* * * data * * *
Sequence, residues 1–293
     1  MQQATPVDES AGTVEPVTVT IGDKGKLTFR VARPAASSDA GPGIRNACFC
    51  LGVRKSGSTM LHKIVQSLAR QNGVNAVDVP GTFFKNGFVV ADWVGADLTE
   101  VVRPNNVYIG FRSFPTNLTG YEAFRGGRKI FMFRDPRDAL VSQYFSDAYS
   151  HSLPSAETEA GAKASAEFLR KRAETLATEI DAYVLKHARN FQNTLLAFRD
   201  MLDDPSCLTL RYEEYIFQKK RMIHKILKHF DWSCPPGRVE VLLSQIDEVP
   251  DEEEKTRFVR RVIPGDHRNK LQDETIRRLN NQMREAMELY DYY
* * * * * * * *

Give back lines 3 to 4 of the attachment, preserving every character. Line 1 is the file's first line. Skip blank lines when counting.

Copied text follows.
    51  LGVRKSGSTM LHKIVQSLAR QNGVNAVDVP GTFFKNGFVV ADWVGADLTE
   101  VVRPNNVYIG FRSFPTNLTG YEAFRGGRKI FMFRDPRDAL VSQYFSDAYS